Grant Application

Karena Gildea Lawrence, MD, Children’s Hospital of Pittsburgh of UPMC

Proposed Innovation

Critically ill newborns often require multiple invasive procedures and support devices during their stay in the Neonatal Intensive Care Unit (NICU). Common practices — such as insertion of a central line, or access catheter — expose extremely low birth weight newborns to an average of 26 x-rays during their hospital stay.

Research shows that the risk of cancer from radiation exposure is two to three times higher in infants compared to the average population and six to nine times higher than that of a 60-year-old. This project aims to significantly reduce infant radiation exposure through the use of Point-of-Care Ultrasound (POCUS) in the NICU.

Improvements in Action

Through this project, an innovative educational curriculum will be developed to train providers how to use bedside ultrasound for central line placement. The initial 3-hour training session will address core topics such as ultrasound fundamentals (image generation, acquisition, and optimization) and vascular access (differentiating artery v. vein, cannulation techniques, and catheter tip location). In addition, novel neonatal ultrasound simulators — a mannequin-based model for central line simulations and a vessel phantom with infant sized vessels for vascular access — will be built to provide realistic ultrasound guided insertion training.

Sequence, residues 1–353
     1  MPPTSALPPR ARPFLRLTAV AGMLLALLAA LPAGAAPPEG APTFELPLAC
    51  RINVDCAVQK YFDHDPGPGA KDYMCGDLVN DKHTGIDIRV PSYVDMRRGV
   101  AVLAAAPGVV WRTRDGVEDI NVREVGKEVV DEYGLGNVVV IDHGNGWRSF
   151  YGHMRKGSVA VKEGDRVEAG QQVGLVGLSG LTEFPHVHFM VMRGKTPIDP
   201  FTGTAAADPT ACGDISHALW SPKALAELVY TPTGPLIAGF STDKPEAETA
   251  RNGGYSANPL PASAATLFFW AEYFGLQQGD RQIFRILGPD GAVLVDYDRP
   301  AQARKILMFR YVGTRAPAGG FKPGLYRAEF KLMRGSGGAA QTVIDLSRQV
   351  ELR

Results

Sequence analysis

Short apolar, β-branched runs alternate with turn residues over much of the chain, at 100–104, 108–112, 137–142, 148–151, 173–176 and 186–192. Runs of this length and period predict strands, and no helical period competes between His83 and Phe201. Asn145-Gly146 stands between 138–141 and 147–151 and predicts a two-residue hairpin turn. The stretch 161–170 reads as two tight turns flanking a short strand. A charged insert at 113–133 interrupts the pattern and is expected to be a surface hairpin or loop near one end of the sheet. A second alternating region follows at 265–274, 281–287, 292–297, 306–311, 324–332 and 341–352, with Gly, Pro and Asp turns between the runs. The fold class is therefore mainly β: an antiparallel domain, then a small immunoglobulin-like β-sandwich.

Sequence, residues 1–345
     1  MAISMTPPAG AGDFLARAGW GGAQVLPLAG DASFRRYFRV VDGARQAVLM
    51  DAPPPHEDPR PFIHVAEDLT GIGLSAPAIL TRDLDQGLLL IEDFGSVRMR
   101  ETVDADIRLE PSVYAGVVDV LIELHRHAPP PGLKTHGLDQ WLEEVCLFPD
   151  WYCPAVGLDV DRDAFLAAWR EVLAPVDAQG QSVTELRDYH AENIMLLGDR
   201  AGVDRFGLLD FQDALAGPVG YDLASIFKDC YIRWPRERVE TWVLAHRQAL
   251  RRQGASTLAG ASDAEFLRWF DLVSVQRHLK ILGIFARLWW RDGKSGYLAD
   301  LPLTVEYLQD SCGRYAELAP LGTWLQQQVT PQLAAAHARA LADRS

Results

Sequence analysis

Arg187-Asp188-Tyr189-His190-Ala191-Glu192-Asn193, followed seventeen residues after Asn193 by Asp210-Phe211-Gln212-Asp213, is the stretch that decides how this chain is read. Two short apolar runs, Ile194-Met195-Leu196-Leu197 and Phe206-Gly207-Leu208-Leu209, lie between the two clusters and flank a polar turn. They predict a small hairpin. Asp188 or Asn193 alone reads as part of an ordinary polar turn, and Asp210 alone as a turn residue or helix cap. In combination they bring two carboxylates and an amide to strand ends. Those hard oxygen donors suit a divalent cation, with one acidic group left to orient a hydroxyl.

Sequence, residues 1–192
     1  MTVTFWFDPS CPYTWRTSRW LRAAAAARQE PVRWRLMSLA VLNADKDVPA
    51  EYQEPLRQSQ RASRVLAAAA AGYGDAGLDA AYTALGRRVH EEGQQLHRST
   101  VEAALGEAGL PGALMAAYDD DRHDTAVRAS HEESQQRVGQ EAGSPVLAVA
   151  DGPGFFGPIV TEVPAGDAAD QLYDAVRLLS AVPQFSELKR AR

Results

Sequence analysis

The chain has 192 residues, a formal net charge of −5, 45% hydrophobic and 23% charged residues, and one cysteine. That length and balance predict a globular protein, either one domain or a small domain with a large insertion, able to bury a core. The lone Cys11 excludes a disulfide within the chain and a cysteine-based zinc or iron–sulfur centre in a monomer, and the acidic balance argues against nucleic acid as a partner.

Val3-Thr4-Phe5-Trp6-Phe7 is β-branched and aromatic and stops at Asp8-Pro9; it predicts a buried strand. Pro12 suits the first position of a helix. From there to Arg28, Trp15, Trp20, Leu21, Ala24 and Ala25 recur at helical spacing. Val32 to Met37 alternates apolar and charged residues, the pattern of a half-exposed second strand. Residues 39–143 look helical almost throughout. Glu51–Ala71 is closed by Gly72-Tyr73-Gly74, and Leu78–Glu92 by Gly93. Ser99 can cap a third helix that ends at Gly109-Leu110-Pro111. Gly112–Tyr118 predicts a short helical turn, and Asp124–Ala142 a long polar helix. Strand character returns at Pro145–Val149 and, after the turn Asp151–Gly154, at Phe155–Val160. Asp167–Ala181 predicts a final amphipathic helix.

Learner accuracy will be evaluated during the hands-on drills by comparing ultrasound and x-ray results. In addition, patient data will be collected on the number of x-rays and procedure duration to compare outcomes of central lines placed with and without ultrasound.

The project is expected to demonstrate that NICU clinicians can be taught how to use POCUS and that implementing its use in the NICU will decrease radiation exposure and procedure duration for central line placement.